Conventional hard disk drives (HDDs) are designed to reliably operate in the hospitable physical surroundings of interior deployments, which are typically characterized by mild temperatures, stable humidity and modest levels of vibration. By contrast, outdoor and mobile storage environments can entail anything from sweltering heat or sub-zero frost to oppressive dampness and pounding vibration. And all may be encountered miles above sea level. So it’s no surprise that bringing the benefits of HDD-based storage to outdoor and mobile settings such as automotive, industrial PC, field computing, and military applications poses a formidable challenge to engineers.
How is it possible to maintain the consistent performance and reliability of hard disk drives when they are exposed to such a broad range of harsh external conditions? The solution may be a new breed of purpose-built HDDs, specifically designed to withstand the temperature, vibration, shock, altitude and humidity extremes that are endemic to many outdoor and mobile storage situations. Ruggedized disk drives, like the Seagate EE25 Series™ for example, are being specially designed to ensure reliable performance in punishing physical surroundings. To appreciate the magnitude of this challenge, remember that HDD storage relies on magnetism to store and retrieve data on a drive’s platter(s).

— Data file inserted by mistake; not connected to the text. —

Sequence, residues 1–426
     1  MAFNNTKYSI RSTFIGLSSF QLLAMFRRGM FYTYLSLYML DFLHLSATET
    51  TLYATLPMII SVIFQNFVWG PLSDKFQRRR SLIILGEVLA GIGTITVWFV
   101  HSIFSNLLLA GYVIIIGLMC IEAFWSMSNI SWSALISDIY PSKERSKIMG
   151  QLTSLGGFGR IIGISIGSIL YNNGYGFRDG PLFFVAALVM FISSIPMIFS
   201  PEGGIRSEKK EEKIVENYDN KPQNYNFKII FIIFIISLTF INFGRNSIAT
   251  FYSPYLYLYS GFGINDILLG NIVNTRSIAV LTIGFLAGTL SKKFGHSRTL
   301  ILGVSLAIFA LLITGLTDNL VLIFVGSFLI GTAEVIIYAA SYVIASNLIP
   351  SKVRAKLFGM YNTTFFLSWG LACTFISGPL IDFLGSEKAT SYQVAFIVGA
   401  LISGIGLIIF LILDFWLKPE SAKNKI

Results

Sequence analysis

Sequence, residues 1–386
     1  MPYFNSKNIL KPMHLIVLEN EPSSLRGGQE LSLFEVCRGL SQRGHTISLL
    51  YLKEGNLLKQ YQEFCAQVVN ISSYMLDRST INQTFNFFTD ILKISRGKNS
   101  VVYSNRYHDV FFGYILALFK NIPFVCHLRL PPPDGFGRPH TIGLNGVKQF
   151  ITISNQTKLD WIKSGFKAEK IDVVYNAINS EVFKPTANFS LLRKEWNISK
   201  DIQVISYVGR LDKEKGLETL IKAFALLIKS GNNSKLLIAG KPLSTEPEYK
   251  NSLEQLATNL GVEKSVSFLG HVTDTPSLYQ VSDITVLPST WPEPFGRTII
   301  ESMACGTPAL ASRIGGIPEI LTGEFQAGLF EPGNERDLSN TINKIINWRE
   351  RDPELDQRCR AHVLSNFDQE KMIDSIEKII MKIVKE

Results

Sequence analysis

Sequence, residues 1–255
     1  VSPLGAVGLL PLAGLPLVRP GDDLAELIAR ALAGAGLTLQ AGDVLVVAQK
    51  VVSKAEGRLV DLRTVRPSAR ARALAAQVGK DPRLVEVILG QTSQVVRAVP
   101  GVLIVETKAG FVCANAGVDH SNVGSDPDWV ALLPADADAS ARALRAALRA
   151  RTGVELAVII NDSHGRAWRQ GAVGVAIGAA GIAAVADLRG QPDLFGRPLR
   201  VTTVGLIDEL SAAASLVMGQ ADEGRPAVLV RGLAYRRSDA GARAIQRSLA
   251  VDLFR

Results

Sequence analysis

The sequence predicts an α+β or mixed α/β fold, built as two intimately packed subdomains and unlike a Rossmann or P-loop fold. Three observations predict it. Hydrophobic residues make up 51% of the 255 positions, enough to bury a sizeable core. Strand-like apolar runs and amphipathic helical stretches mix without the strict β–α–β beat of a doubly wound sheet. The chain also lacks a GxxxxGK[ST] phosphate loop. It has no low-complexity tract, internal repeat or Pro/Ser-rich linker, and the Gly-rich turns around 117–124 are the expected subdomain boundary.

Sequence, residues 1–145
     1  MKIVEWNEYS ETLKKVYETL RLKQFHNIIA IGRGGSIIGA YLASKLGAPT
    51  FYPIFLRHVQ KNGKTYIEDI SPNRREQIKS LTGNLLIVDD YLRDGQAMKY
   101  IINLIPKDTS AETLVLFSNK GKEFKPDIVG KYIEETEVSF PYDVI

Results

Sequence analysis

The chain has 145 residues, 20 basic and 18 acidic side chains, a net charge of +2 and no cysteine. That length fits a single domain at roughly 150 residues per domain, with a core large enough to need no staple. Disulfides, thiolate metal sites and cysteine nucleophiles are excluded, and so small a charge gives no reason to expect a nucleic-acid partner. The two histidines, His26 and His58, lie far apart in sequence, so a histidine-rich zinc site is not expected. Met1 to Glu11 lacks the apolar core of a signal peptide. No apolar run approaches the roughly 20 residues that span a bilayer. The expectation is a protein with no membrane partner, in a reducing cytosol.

This arrangement is made possible by the extraordinary proximity of the read/write head to the platter surface. Riding a few nanometers above the rapidly- spinning platter, the complex read/write head system has been likened to a Boeing 747 flying at 600 miles per hour — six inches off the ground. A variety of adverse environmental conditions can disrupt this arrangement and prevent a hard disk drive from delivering optimal throughput, reliability and data integrity. The following are brief discussions of the most significant environmental issues facing an outdoor or mobile storage HDD, and how new generations of ruggedized disk drives are employing remarkably innovative designs and technologies to overcome them.
One technology being used in new ruggedized drives is perpendicular magnetic recording (PMR), which delivers greater capacity per platter and also enables higher write fields to be achieved. This, in turn, results in media with improved thermal stability (less thermal decay). In effect, PMR gives more design margin to maintain consistent performance and reliability across a drive’s full range of operating temperatures. In addition, HDD manufacturers can utilize improved electro-mechanical materials to achieve more stable read/write performance at extreme temperatures, which is further aided by enhanced firmware technology. Complementing this firmware, more sophisticated temperature-sensing hardware allows the drive to sense and adjust to temperature fluctuations more accurately. This temperature output of the drive can also be delivered to the host on command. Another material that enhances the HDD’s durability under extreme temperature conditions is a new low-viscosity lubricant that is used for the fluid dynamic bearing (FDB) motor. The lubricant ensures the appropriate motor spin speed can be achieved at extremely cold temperatures while still maintaining stability (resistance to evaporation) at high temperatures. Developed to work with extremely close-tolerance bearings, this lubricant also maintains superior film strength at high temperatures.